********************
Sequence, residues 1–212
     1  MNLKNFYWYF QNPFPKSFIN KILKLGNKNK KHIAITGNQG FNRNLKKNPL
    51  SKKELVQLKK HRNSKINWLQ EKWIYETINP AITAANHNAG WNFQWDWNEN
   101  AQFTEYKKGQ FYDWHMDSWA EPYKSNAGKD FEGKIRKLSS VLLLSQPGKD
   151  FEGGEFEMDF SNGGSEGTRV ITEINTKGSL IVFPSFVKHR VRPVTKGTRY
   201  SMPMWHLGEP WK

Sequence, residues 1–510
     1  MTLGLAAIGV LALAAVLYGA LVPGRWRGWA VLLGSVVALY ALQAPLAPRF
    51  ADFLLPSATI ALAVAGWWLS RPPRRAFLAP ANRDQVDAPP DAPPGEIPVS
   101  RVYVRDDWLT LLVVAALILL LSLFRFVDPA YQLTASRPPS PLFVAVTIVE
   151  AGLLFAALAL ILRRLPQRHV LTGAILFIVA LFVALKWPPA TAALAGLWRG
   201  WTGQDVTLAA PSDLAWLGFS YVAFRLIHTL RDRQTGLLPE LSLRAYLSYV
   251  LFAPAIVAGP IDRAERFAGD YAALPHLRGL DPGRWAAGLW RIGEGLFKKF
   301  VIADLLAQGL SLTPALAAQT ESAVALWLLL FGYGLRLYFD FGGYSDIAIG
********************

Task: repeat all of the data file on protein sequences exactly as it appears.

Sequence, residues 1–212
     1  MNLKNFYWYF QNPFPKSFIN KILKLGNKNK KHIAITGNQG FNRNLKKNPL
    51  SKKELVQLKK HRNSKINWLQ EKWIYETINP AITAANHNAG WNFQWDWNEN
   101  AQFTEYKKGQ FYDWHMDSWA EPYKSNAGKD FEGKIRKLSS VLLLSQPGKD
   151  FEGGEFEMDF SNGGSEGTRV ITEINTKGSL IVFPSFVKHR VRPVTKGTRY
   201  SMPMWHLGEP WK

Sequence, residues 1–510
     1  MTLGLAAIGV LALAAVLYGA LVPGRWRGWA VLLGSVVALY ALQAPLAPRF
    51  ADFLLPSATI ALAVAGWWLS RPPRRAFLAP ANRDQVDAPP DAPPGEIPVS
   101  RVYVRDDWLT LLVVAALILL LSLFRFVDPA YQLTASRPPS PLFVAVTIVE
   151  AGLLFAALAL ILRRLPQRHV LTGAILFIVA LFVALKWPPA TAALAGLWRG
   201  WTGQDVTLAA PSDLAWLGFS YVAFRLIHTL RDRQTGLLPE LSLRAYLSYV
   251  LFAPAIVAGP IDRAERFAGD YAALPHLRGL DPGRWAAGLW RIGEGLFKKF
   301  VIADLLAQGL SLTPALAAQT ESAVALWLLL FGYGLRLYFD FGGYSDIAIG